Joseph L. Mahoney

Senior Research Scientist

Joseph Mahoney collaborates on CASEL’s efforts to make scientific evidence related to social and emotional learning useful for practitioners and used in practice to support high-quality learning environments and positive developmental outcomes. His work involves facilitating practice-oriented research on SEL and disseminating the scientific knowledge to support effective practice and policy decision-making.

Joseph has authored more than 70 published articles, books, and chapters related to the development of social, educational, and physical development of young people. Much of his research has focused on understanding how out-of-school time relates to positive youth development across school, family, and community settings.

Prior to joining CASEL, Joseph served as an associate professor in the Department of Psychology at Yale University (1999-2007), a professor in the School of Education at the University of California, Irvine (2007-2014), and a professor in Department of Psychology at Elizabethtown College (2014-2016). In 2011 he received the Society for Research in Child Development’s Distinguished Congressional Policy Fellowship and served as lead education council for U.S. Senator Jeff Bingaman. He received the UCI Award for Teaching Excellence in 2009 and the Civic Engagement and Community-Based Learning Faculty Award from Elizabethtown College in 2016.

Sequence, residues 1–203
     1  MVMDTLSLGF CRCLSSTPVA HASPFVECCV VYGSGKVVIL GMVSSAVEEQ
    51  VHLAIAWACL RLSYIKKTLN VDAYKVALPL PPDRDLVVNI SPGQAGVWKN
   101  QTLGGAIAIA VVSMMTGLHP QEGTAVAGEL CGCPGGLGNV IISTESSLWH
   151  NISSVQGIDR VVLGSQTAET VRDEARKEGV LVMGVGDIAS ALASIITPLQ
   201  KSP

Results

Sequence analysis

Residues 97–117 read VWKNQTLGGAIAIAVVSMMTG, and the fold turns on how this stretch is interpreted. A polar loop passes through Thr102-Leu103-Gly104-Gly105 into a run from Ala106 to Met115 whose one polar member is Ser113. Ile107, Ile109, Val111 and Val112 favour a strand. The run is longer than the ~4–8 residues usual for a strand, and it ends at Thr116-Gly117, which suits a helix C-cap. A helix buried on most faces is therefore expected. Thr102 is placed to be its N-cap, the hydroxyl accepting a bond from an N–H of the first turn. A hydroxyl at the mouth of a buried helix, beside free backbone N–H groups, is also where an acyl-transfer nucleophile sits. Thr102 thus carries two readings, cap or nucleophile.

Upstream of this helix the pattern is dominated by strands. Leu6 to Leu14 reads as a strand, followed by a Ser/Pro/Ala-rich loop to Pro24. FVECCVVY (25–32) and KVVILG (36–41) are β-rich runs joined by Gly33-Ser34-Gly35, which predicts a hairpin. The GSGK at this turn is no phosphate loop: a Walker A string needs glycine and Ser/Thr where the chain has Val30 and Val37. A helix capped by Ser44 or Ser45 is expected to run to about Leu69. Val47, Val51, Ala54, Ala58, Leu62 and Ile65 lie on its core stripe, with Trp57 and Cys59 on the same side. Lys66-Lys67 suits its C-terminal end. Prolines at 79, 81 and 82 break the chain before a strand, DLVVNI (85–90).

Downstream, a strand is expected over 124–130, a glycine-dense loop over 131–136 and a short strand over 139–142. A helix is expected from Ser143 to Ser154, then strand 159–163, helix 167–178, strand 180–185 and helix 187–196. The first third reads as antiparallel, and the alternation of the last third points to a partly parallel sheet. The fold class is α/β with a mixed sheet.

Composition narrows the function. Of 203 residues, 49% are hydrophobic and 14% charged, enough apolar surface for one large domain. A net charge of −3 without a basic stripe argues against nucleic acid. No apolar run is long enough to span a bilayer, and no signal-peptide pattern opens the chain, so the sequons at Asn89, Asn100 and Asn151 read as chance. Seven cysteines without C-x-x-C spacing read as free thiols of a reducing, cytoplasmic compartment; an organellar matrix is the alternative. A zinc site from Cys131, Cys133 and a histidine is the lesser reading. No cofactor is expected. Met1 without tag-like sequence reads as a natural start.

Currently he is co-editor of the Journal of Research on Extended Education and serves on the editorial board of Educational Researcher and Advances in Child and Family Policy and Practice. He has also served on the editorial boards of the Journal of Research on Adolescence and Applied Developmental Science.

Joseph earned his bachelor’s degree in child psychology, summa cum laude, from the Institute of Child Development at the University of Minnesota (1993) and his Ph.D. in psychology through the Center for Developmental Science at the University of North Carolina at Chapel Hill (1997). He completed his post-doctoral training at Stockholm University’s Psychological Institute in Sweden (1999).